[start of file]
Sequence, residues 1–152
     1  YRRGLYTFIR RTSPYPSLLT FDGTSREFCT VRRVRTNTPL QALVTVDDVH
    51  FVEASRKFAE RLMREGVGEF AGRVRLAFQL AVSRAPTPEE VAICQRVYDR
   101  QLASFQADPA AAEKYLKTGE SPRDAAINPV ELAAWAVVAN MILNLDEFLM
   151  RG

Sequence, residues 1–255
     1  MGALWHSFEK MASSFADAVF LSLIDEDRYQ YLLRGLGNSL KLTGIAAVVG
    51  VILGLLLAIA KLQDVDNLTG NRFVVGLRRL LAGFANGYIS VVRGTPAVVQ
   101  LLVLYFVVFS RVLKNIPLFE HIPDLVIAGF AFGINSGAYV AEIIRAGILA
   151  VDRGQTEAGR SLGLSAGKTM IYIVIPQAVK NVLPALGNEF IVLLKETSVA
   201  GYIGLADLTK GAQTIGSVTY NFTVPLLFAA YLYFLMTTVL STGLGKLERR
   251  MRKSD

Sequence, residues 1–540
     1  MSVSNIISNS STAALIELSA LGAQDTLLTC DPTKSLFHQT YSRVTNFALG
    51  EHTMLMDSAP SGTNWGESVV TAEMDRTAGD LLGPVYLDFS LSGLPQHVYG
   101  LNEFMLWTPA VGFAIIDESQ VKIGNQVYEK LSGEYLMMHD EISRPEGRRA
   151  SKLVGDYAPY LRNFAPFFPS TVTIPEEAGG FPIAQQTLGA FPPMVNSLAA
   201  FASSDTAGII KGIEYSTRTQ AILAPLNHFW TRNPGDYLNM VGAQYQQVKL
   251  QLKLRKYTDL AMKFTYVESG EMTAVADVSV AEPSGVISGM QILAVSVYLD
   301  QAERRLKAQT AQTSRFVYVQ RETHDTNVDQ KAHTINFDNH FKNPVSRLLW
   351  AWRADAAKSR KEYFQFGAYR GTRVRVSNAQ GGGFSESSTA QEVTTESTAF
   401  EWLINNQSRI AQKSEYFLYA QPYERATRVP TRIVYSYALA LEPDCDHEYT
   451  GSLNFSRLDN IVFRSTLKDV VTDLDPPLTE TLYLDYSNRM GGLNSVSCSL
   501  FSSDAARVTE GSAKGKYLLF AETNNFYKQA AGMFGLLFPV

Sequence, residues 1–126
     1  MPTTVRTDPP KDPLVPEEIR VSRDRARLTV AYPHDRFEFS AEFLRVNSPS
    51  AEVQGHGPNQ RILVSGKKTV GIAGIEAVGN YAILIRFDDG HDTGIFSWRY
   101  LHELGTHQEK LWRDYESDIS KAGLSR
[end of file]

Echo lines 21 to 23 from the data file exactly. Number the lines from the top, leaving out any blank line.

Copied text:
   351  AWRADAAKSR KEYFQFGAYR GTRVRVSNAQ GGGFSESSTA QEVTTESTAF
   401  EWLINNQSRI AQKSEYFLYA QPYERATRVP TRIVYSYALA LEPDCDHEYT
   451  GSLNFSRLDN IVFRSTLKDV VTDLDPPLTE TLYLDYSNRM GGLNSVSCSL